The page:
The Truth About The 2010 Mercedes E-Class Coupe's Aerodynamics

Paul Niedermeyer
by Paul Niedermeyer
the truth about the 2010 mercedes e class coupe s aerodynamics

This is a short story of how we sometimes arrive at the truth. Letting go of deep-seated childhood emotional responses is hard. Growing up in the fifties in Austria, Mercedes was my true God. My father had a friend with a 300 SL Gullwing, and I spent hours walking around it, absorbing each detail. There was an old Tatra streamliner in the neighborhood. Aerodynamics, efficiency, and speed are my triggers. In 1985, I bought one of the first W124 300E sedans in LA, in part because its Cd. of .28 was the best in the world then, as well as its 140 mph top speed. Just yesterday, in Part 3 of the History of Automotive Aerodynamics, I concluded the survey of current production car aerodynamics record-holders with the 2010 Mercedes E-Class coupe, honoring its widely disseminated Cd of .24, lower than even the 2010 Prius. Looking at the picture of that E Class coupe this morning triggered a totally unexpected upsurge of that old lust, something that I thought was long extinguished, and I actually went to the Mercedes web site for strictly personal reasons. I expected that Mercedes would be trumpeting the coupe’s .24 Cd proudly. Not so, and for a good reason.

In fact, there was no reference to it anywhere. I remember how proudly Mercedes was of the W124’s sleekness in its ads and brochures. What gives? I had to download a pdf with technical specs, and there it was, buried in small print: Cd of .28. It’s 1984 all over again.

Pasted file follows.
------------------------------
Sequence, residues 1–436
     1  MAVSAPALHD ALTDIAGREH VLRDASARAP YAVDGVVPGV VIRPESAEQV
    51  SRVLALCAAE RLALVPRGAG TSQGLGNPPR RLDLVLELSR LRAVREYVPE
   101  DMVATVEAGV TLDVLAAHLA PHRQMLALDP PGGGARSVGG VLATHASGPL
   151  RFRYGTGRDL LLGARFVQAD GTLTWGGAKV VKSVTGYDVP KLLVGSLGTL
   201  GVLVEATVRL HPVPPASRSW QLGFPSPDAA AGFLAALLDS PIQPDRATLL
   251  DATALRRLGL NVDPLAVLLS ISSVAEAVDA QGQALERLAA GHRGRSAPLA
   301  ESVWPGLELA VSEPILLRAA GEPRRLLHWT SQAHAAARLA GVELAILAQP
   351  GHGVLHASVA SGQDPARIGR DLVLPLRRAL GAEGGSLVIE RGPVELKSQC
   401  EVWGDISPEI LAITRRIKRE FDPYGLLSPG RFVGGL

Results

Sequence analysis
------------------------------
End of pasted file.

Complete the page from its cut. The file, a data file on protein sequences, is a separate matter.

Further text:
I found the answer buried deep on Mercedes’ German web site: the .24 Cd only applies to the E 220 CDI Blue Efficiency model, that isn’t even going to be available until later this spring, and in then in Europe only. It must be lowered and have lots of aerodynamic tweaks. Google “Mercedes E-Class Coupe coefficient of drag”, and you’ll see that every magazine, web site, newspaper and of course wikipedia has repeated Mercedes’ Cd of .24 virus endlessly.

I’m still surprised with that unexpected surge of Mercedes lust; but it came for a reason: I’m totally over Mercedes now, and I’m here to proclaim to whoever listens: the 2010 Mercedes E-Class coupe has a Cd of .28, the same as a 2001 Camry, a 1995 Mitsubishi Diamante, a 2003 Saab 9-3, and a 1998 Chrysler Concorde.

Join the conversation
3 of 42 comments
  • CarPerson CarPerson on Feb 19, 2010

    Be gentle, people; you're talking about my next ride. I've penciled in a 2010 E350 when they start coming off lease in 2013. Snow white, please, although I have a pea-green one spotted and I'm keeping an eye on it. Local dealer has my number and my requirements: The first one that hits my $27,500 price point wins. Never seen a body shop, all service records, still under a long warranty. I have no deal-breaker "must have-don't want" options.

  • Dr Lemming Dr Lemming on Feb 19, 2010

    I'd also give the E-Class coupe a thumbs-down vote. If this were a Lexus I'd write it off as typical of the brand. But this is Mercedes, which used to be the gold standard for styling that was both timeliness and was grounded in good engineering. The E-Class coupe is just another bangled mess of awkward lines and a bloated profile. It would be cool to see Mercedes once again emphasize aerodynamics -- not to out "green" the Prius, but because that's a major element of a well-engineered car. It would also be cool if Mercedes would return to its German stylistic roots. Alas.

  • NotMyCircusNotMyMonkeys for that money, it had better be built by people listening to ABBA
  • Abrar Very easy and understanding explanation about brake paint
  • MaintenanceCosts We need cheaper batteries. This is a difficult proposition at $50k base/$60k as tested but would be pretty compelling at $40k base/$50k as tested.
  • Scott ?Wonder what Toyota will be using when they enter the market?
  • Fred The bigger issue is what happens to the other systems as demand dwindles? Will thet convert or will they just just shut down?